Shawnee Corps forms new anti-poverty strategies

What can someone living in poverty teach a community about poverty? A great deal, one city finds.

Blueprints Committee
Left to right: Brandi Collins, Joe Akins, Tiffany Walker and Craig Lewis

In the summer of 2012, Captain Philip Canning was plagued by a simple yet profound question: “Is The Salvation Army ‘doing the most good’ in helping the residents of Shawnee, Okla., achieve economic sustainability?”

To him, the answer was a clear “No.”

In response, the Shawnee Corps launched an initiative in fall 2013 to build community sustainability, which they called Neighboring 101. The corps based it on the concepts and framework found in “Bridges Out of Poverty,” a 2009 book exploring strategies for building financial, psychological, spiritual and social resources for individuals and the community. Under the corps’ direction, Neighboring 101 brought together various social classes and sectors across Shawnee to address four root causes of poverty: individual choices and behaviors, community conditions, exploitation, and public policy.

The first step was recognizing those receiving assistance as problem solvers in their own right and highly valuable resources to the community. The corps had a twofold strategy to achieve this. First, they sought to enroll under-resourced residents in a practical, 20-week “Getting Ahead” course, held at The Salvation Army and facilitated by Canning and Dena Wilson, a caseworker. Then, they worked to get graduates of the course involved as decision makers at the policy-making level throughout the community.

Rachel, a Blueprints participant, evaluates the impact of relationships on her self-esteem.
Rachel, a Blueprints participant, evaluates the impact of relationships on her self-esteem.

Recent graduate Tiffany Walker testified to the impact of Neighboring 101 on her family. “I was convinced I was a failure,” she said. “I now recognize that I am of value and have something to offer. Getting Ahead and Neighboring 101 have changed the course of life for my family.”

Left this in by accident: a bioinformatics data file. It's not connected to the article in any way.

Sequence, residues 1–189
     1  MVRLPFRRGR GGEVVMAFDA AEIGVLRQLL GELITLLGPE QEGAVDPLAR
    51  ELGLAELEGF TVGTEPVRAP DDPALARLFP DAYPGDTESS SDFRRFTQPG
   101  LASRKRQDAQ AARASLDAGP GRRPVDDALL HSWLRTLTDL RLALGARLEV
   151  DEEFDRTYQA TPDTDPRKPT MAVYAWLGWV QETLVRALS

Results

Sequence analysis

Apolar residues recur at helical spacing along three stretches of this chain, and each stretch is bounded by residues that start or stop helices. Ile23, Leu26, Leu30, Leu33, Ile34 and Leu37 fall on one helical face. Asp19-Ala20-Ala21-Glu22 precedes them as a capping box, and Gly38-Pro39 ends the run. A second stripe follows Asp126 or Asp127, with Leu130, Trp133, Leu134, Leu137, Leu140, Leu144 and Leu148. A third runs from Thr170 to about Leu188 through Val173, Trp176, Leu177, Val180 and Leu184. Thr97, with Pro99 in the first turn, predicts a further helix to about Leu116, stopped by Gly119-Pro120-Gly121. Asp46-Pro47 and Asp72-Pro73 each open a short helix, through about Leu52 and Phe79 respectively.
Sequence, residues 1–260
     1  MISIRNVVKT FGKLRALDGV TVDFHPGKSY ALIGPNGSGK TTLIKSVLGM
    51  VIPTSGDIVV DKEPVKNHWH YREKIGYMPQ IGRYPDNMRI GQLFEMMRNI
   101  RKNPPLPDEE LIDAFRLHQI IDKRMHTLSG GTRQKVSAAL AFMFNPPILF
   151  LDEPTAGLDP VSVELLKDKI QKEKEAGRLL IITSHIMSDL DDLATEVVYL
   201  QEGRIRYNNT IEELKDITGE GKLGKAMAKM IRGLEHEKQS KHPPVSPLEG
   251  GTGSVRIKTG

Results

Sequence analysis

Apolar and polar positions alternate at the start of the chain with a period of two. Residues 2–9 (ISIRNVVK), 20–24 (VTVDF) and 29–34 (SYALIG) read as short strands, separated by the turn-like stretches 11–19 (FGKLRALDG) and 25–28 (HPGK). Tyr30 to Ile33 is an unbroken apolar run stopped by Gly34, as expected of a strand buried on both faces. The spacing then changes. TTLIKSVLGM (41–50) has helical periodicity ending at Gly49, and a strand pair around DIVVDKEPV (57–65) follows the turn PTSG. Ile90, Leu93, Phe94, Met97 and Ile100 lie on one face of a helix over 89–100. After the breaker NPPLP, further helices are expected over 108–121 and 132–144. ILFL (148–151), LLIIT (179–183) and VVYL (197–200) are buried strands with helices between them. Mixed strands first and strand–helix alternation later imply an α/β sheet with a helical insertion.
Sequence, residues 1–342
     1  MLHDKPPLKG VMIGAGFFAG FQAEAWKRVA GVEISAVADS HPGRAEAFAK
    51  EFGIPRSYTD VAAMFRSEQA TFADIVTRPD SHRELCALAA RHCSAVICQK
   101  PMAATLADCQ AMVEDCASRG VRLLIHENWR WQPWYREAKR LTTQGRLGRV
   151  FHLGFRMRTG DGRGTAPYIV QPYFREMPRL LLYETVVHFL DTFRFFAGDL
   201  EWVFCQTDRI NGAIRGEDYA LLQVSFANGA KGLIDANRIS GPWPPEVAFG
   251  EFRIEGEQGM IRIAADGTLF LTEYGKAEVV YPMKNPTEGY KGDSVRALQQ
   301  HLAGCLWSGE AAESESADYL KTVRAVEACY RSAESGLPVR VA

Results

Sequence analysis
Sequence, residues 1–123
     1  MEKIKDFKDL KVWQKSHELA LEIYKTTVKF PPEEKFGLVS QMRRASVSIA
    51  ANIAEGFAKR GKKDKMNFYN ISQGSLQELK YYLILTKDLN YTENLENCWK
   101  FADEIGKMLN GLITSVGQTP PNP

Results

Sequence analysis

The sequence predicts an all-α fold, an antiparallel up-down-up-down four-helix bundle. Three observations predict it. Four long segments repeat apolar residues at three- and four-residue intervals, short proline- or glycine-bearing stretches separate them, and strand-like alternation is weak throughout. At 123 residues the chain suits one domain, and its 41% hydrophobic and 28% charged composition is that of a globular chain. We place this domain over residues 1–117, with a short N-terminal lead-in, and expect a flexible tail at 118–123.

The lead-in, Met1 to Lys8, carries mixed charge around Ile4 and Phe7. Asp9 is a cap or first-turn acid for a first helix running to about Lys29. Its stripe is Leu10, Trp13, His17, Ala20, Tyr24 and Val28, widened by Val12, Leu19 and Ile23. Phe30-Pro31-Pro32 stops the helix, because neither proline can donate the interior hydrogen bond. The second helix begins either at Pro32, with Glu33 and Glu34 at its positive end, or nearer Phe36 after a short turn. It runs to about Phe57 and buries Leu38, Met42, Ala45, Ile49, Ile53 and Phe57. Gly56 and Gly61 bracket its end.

After graduating, Walker was invited to join the Neighboring 101 steering committee, where she suggested the committee offer more support to graduates. In the weeks following her graduation, she watched many of her classmates struggle to implement the new concepts into their lives. So, with the support of the corps, she developed an eight-week follow-up curriculum called Blueprints, designed to fill the gap between comprehension and application.

The Shawnee Corps launched Blueprints in January. Facilitated by Walker and fellow graduates Brandi Collins, Joe Akins and Craig Lewis, the pilot program focused on identifying achievable goals, time management, relationship-building and “closing back doors,” otherwise known as eliminating excuses.

The curriculum thereby takes the principles of Getting Ahead and explores them in a more detailed and personal way, while further encouraging participants to remain involved in the community and Neighboring 101 initiative.

Neighboring 101’s by-the-community, for-the-community approach is key to its success. Steve Palmer, Neighboring 101 community coordinator, said, “The power of the class comes from peer teaching. There is immediate buy-in from the class participants, because the people leading have walked, and may even be walking, in their shoes. There is a common understanding between facilitator and participant.”

Getting Ahead graduate and Blueprints co-facilitator Joe Aikens represents another example of an overlooked community resource. In 2013, Aikens was homeless and living in The Salvation Army emergency shelter in Shawnee. Just three years later, anyone who walked through the doors of The Salvation Army on Feb. 16 would have seen Aikens teaching leaders from the education, nonprofit and finance sectors why people in poverty feel uncomfortable interacting with organizations, institutions and individuals that operate in the “middle-class” norm. He shared insight on better helping under-resourced individuals feel more comfortable interacting with organizations.

It’s a departure from where things stood in 2012, when local media and community meetings in Shawnee were dominated by the growing problem of poverty. “[That year] was the low point for our community,” Canning said. “Now, in 2016, it’s a totally different story. We still see the impact of poverty on our community, but we have generated hope for brighter tomorrow by working together across economic boundaries.”  

The Shawnee Corps credits this shift to a simple formula: make sure every voice is heard, everyone feels valued and everyone believes they can make a difference.

“These same resources reside in every community,” Canning said. “Will we all tap into them?”

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